Google has released a bunch of new maps-related products: Google Earth 4, a new version of 3D graphics tool SketchUp, support for geocoding in Google Maps, and my personal favorite Google Maps for Enterprise. According to the official Google Blog, the Enterprise edition of Google Maps offers:
"...a fee-based service and support for businesses that want to embed a Google Maps experience in their websites or internal applications. It leverages the Google Maps API to enable businesses to map customer locations, track shipments, manage facilities or view any other data source in a geographic context."
The Enterprise customers will in future choose whether or not advertising is displayed Google Enterprise Blog has more information on this. Also see the FAQ, which notes that pricing starts at $10,000 and is "based on the number of calls to the Google Maps for Enterprise API". This enables businesses to use Google Maps for commercial use for internal and external applications. According to Google, this fee also covers implementation guidance and telephone/email support. Businesses can however take it for a trial run first, before deciding whether to pony up the cash. Also noteworthy is that Google Maps for Enterprise is only available for now in the US and Canada.
Advertising may become a feature of the product in the future, but enterprise customers will be able to choose whether or not ads will be displayed. However Google notes: "we hope you find it so useful that you choose to include it". This to me points to what I believe to be Google's long-term enterprise strategy - utilizing its leading online advertising platform inside the firewall. It remains to be seen whether that pans out, but I thought it was an interesting little comment in the FAQ that Google hopes enterprises find the advertising feature "so useful that you choose to include it".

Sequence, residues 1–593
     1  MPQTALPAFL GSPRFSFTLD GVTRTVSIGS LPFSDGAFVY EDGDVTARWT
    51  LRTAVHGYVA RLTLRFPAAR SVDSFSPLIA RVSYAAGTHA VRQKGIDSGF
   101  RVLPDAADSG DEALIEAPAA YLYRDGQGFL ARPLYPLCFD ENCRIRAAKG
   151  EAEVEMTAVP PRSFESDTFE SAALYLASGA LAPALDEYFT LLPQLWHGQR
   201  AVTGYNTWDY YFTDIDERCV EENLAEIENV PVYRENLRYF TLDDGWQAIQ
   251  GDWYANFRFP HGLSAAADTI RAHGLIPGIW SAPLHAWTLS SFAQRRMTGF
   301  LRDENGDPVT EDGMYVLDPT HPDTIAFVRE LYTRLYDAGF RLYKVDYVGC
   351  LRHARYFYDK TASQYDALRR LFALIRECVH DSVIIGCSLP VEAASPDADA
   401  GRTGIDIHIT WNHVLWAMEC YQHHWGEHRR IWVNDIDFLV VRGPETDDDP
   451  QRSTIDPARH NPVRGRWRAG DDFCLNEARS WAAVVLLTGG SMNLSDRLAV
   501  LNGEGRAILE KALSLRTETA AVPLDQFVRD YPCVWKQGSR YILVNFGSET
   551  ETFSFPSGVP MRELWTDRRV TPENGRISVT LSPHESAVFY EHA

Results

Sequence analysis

Finally, Yahoo must be feeling the heat because tonight it decided to lift the commercial restrictions from the Yahoo! Maps APIs (previously you had to apply for an exception). The Yahoo Maps team notes:
"Until today, the APIs were available only for non-commercial use unless you applied for an exception. The concept of commercial and non-commercial has gone away and exceptions are no longer necessary in most cases. We have given you explicit Usage Policies to help guide you."
This opens up Yahoo Maps to a similar degree to the Google Maps API, which is free to use in "any web site that is free to consumers". It'll be interesting to see if Yahoo follows suit with an enterprise maps product too. Google seems to be leading the charge in mapping and geo products at this point in time.